A Spirit of Exploration

I could have worked harder in high school. This really hit home when I got my scholarship information for college and realized how much more money I might have received if I had put forth a little more academic effort.

If you struggle in high school or aren’t happy with your test scores, then going to community college can give you another chance to prove you’re a good higher education candidate. Doing well at a community college can lead to more academic scholarships and opportunities at a four-year institution.

You can also try out different classes at a community college and explore a variety of careers for less money than you’d spend at a regular four-year college.

Even with all these benefits, community college isn’t a complete slam-dunk. Going to college is about more than the caliber of your education, it’s also about having the college experience. Late-night study sessions, crappy cafeteria food and crowded, festive dorm rooms are all part of that package, and a community college may not be able to provide those enduring aspects of campus life.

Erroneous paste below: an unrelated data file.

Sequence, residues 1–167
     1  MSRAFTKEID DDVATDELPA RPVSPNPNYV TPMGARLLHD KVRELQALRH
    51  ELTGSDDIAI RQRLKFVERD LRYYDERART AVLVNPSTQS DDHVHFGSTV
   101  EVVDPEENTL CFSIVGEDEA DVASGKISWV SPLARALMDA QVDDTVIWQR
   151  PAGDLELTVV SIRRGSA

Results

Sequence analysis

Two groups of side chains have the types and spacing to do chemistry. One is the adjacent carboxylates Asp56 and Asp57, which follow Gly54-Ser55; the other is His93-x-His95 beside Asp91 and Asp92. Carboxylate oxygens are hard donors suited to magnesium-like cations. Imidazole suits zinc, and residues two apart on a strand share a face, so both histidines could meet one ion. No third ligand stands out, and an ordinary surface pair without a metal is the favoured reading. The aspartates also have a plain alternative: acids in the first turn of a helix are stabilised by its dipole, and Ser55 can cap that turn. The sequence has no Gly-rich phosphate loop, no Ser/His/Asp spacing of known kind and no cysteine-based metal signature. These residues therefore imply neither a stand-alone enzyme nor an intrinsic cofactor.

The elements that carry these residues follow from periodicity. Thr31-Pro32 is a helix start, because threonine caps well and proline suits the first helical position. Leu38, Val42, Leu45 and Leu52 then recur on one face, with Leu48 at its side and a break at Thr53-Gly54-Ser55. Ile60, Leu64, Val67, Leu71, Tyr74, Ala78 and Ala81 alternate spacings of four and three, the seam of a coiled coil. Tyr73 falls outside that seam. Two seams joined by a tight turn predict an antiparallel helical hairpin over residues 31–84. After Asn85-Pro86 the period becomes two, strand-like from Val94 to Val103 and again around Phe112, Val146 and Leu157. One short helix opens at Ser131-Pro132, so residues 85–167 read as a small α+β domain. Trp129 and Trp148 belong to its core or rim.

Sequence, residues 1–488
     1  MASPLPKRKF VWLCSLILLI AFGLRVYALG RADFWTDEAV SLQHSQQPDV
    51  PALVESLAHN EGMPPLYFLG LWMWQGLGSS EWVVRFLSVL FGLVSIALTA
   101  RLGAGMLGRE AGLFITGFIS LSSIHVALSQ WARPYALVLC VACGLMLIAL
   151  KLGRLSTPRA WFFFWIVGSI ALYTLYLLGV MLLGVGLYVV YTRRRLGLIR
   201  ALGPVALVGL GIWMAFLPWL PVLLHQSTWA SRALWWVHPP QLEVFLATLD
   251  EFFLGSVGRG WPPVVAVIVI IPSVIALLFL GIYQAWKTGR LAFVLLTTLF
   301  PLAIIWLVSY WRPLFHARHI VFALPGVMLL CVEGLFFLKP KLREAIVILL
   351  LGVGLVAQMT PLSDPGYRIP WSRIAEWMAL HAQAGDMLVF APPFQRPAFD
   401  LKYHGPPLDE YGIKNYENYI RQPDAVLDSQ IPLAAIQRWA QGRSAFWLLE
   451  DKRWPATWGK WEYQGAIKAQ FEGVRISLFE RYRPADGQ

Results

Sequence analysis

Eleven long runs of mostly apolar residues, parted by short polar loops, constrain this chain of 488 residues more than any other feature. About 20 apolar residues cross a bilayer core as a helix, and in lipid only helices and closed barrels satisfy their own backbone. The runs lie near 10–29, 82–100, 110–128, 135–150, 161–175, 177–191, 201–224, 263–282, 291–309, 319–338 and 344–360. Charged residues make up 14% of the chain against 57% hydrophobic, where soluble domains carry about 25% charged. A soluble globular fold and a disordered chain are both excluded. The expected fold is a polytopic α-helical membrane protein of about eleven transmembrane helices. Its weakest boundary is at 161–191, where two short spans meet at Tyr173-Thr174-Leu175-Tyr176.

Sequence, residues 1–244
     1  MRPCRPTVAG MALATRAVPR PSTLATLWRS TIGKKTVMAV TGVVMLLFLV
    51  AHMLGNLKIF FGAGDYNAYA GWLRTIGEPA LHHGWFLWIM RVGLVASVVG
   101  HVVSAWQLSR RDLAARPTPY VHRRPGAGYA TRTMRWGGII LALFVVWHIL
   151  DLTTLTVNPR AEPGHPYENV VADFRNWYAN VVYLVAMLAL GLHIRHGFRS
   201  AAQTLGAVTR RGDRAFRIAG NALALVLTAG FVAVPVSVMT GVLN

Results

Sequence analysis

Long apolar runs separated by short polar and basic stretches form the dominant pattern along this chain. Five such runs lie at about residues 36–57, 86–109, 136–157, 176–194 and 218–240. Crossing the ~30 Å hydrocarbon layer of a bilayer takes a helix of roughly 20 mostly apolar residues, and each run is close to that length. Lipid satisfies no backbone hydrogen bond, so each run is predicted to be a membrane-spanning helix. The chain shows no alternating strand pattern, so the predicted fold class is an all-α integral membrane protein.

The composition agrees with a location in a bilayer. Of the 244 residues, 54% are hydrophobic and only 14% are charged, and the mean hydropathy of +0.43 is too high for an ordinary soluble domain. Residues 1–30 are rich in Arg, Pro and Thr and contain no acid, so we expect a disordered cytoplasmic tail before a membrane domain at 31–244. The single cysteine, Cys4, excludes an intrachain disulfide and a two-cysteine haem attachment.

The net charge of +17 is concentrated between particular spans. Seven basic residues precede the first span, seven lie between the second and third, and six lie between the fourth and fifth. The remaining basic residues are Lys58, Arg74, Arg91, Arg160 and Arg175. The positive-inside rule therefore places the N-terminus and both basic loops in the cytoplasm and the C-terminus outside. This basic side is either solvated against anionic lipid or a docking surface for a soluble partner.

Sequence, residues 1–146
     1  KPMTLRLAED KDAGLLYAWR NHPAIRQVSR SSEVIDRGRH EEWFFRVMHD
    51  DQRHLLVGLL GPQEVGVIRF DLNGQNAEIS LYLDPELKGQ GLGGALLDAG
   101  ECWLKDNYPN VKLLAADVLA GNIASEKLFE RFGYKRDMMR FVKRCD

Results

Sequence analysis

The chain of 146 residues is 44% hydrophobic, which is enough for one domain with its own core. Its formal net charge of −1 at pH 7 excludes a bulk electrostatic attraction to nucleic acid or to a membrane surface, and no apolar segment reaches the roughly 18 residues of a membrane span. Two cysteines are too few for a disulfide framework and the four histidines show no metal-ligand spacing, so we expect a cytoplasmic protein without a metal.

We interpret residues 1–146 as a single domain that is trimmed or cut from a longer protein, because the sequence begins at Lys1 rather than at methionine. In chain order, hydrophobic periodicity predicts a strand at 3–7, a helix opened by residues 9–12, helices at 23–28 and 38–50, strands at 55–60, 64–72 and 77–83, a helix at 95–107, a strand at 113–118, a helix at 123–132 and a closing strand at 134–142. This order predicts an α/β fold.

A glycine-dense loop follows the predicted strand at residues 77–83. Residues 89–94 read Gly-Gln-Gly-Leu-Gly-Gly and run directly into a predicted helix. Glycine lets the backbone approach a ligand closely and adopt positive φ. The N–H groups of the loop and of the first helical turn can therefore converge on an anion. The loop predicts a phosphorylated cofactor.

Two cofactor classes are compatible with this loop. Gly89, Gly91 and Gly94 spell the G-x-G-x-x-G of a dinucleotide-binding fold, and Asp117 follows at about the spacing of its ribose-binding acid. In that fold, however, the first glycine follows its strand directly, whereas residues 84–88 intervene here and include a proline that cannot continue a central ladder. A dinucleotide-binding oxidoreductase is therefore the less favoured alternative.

You have to balance the camaraderie you find at college with the practical aspect of getting a college degree. Do you know what you want to study? Are you prepared to take out four year’s worth of student loans that will saddle you with student debt? Answering those questions at a community college can save you both time and money, and may be just the start you need for a successful life after high school. Bottom line: community college is an option worth considering.

Conversation Starters

How do you feel about a community college education? Is it something you would consider? Why or why not? Do you know anyone who has had either success or challenges taking this route?

Joe Biden talks about how community colleges can meet "rapidly changing workforce demands." What does he mean and why is this important for the U.S. to compete in the global economy? Discuss the benefits of learning a skill versus a broader liberal arts education.

Visit the Community College Daily found in Related Links to research the latest news from these colleges, or read one of the Related KWHS Stories that involves insight about community colleges. Share what you learned with a group of students or peers. Did it open your eyes to new opportunities? What information interested you?